The memory 16 comprises a plurality of registers, capable of performing parallel shift from the top register 22 to the direction of the bottom register 24. Each of the registers stores a particular PRBS pattern (a part of the PRBS sequence); the “freshest” pattern is introduced in the memory upon completing its calculation (see arrows 26) and simultaneously with bursting it on to the bus 15, while the “oldest” pattern is erased from the bottom pattern 24 due to feeding there-into a “fresher” pattern from the adjacent register. The process is controlled by a clock 20.
For calculating a specific bit of a PRBS pattern, the corresponding assembly 18 uses particular bits in the memory which are located in previous PRBS patterns. The required memory bits for each particular PRBS bit (bit of the bus) can be found using the Lemma, equation (3) and upon selecting the retrospective index “t”:
The calculations are performed in parallel, using one and the same number of logical operations (which is preferably minimal and equals to w−1), due to that the calculation time is independent from the length of the pattern (i.e., from the width of the bus). Results of the S parallel calculations are synchronously fed to the bus 15, and simultaneously and synchronously “shifted back” to respective bits of the register 22.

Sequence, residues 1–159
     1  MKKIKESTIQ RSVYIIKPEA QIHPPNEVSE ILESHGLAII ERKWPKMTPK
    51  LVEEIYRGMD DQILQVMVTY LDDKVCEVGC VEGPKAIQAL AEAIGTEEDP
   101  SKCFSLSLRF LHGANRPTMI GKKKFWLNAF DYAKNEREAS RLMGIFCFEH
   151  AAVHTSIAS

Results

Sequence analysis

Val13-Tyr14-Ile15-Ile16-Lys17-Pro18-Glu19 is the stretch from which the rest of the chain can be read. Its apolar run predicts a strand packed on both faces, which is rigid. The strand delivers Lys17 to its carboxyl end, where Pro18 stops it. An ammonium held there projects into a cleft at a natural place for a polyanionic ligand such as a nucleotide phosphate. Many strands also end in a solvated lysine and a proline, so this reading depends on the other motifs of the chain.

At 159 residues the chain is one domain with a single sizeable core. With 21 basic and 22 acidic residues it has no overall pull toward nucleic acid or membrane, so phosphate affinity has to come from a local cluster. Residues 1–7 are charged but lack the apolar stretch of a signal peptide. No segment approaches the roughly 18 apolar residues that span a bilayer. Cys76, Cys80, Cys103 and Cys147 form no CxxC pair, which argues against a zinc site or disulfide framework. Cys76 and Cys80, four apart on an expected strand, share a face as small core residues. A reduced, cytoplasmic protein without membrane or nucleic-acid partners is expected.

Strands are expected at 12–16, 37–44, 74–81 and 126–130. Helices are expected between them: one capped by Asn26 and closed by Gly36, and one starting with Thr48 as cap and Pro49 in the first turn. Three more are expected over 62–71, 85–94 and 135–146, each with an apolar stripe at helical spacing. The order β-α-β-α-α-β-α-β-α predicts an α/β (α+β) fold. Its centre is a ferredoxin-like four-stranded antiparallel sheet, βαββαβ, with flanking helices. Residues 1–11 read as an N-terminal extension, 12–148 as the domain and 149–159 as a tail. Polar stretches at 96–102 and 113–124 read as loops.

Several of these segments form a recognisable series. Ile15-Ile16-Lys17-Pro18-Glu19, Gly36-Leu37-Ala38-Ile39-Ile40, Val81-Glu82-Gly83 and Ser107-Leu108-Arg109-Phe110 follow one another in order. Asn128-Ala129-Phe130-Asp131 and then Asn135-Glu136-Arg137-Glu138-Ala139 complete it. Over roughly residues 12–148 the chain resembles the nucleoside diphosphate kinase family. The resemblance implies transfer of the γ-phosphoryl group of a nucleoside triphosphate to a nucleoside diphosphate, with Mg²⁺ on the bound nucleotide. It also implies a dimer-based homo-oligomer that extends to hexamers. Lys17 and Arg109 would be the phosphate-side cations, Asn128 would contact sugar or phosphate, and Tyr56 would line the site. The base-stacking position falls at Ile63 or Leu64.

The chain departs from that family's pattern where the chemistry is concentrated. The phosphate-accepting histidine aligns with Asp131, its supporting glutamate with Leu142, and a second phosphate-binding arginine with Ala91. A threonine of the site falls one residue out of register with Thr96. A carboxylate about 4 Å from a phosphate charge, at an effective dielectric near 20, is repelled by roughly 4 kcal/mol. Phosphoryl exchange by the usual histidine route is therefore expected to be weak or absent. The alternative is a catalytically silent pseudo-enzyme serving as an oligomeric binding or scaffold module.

Using formula (5), the minimal value of the retrospective index t_{m }can be calculated: t_{m}=log_{2 }(128/9)=4.
Then, using formula (6), capacity C of the memory can be calculated as follows: C=2^{4}*11=176.
It can be seen that for creating the required PRBS pattern for quite a wide bus (S=128), only 176 bits of memory are needed i.e., one complete register of 128 bits, and a second incomplete one. For creating this PRBS pattern in a conventional way, a much greater memory would be required.
As has been mentioned, each bit of a particular PRBS pattern is calculated:
In this embodiment, keeping in mind that: